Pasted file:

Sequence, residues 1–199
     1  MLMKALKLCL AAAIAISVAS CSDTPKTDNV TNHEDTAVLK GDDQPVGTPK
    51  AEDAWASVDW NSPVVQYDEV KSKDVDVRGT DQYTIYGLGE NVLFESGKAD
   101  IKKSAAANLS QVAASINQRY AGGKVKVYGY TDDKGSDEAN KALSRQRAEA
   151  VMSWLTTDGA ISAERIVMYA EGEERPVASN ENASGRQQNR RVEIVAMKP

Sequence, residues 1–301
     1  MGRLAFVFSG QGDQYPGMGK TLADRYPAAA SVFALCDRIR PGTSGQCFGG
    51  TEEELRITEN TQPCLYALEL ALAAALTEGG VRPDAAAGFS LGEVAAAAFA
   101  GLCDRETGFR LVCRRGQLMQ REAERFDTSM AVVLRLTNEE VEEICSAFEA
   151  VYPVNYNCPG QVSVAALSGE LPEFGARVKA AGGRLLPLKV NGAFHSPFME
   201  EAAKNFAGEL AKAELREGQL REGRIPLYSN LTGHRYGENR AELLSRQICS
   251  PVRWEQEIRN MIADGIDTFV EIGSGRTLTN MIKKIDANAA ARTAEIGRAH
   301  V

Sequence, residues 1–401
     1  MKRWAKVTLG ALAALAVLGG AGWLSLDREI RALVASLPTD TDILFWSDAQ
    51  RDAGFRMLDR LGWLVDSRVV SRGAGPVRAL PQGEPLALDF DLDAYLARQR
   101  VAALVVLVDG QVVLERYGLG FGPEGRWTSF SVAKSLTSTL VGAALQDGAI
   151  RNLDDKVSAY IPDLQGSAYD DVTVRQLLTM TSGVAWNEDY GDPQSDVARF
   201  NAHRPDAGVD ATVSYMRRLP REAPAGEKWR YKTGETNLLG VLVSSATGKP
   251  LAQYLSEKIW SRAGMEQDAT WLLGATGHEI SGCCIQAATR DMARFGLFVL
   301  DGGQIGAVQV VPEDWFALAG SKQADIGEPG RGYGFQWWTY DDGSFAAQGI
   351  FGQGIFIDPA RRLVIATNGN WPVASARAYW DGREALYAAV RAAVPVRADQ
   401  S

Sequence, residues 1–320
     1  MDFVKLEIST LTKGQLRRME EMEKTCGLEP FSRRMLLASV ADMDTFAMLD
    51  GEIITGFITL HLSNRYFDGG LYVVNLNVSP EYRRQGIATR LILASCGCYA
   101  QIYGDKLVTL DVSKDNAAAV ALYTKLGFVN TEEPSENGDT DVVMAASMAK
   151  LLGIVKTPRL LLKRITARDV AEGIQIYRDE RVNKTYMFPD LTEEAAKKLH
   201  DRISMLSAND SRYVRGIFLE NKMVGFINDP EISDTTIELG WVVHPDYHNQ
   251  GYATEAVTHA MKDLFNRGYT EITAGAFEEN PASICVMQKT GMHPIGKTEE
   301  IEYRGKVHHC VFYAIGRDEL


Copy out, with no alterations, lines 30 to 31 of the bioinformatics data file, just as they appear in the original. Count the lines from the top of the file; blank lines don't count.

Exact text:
   251  GYATEAVTHA MKDLFNRGYT EITAGAFEEN PASICVMQKT GMHPIGKTEE
   301  IEYRGKVHHC VFYAIGRDEL